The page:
By the turn of the century France controlled Madagascar, Cameroon, West Africa — and Equatorial Africa (including present-day Gabon), where the French treated the indigenous people with unremitting cruelty. Forced labor, mutilation, starvation, dismemberment, torture, and summary executions visited them daily.
Gabon didn’t shake off the colonial yoke until 1960. And as a petrostate propped up by foreign cash in a world dominated by Western interests, it has been slow to wave a final goodbye to its former colonizer.
French intervention ensured a nice, subservient, one-party state under Omar Bongo, president from 1967 until 2009, who was succeeded by his son Ali. Bongo fils clung to office from the time of his father’s death until the coup of August 30.
Violent occupation, ruthless exploitation, neocolonial dependence — these are the deep-down reasons why Gabonese people have had enough of the French, and why they’re now dancing in the streets.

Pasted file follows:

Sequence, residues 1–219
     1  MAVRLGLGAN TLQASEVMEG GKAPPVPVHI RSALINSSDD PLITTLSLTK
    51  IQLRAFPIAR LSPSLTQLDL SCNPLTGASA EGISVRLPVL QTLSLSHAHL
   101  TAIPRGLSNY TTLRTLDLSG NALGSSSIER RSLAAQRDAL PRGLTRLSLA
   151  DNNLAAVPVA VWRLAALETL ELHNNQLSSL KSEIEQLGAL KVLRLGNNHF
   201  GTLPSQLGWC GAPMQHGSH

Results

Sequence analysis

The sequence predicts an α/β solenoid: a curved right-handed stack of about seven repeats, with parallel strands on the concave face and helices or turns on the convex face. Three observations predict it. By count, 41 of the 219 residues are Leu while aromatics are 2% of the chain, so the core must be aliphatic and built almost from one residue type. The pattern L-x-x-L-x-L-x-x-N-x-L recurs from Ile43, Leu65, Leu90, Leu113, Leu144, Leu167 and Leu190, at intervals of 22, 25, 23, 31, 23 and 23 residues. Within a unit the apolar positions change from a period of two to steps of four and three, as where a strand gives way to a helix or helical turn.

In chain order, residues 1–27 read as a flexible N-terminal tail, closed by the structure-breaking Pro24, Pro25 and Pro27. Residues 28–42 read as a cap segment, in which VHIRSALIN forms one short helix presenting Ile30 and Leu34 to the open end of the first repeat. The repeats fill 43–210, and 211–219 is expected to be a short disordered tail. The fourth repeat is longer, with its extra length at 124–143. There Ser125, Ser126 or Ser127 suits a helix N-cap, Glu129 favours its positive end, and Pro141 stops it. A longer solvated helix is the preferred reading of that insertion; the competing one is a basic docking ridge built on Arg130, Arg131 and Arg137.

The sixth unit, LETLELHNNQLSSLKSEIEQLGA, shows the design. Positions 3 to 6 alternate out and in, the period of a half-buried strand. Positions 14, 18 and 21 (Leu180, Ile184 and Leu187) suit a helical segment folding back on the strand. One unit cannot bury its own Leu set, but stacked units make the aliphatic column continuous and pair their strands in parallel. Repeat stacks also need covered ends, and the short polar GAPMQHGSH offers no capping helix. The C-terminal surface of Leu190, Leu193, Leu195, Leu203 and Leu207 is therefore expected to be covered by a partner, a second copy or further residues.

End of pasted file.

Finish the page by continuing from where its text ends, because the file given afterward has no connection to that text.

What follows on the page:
Good riddance to the occupier. Now it’s time to pay for the damage.
Restitution for Gabon! Reparations for Africa!
Hey all you journalists, especially at world-renowned newspapers like The New York Times: Why don’t you get your fucking story straight?
— Skip Bunyan
We first ran this excerpt back in 2019, back when we still hoped to hold global temperature rise at 1.5c. Now, with this year's fires, heat waves, and freak storms we're all beginning to get a glimpse of our stark future if we don't get our shit together: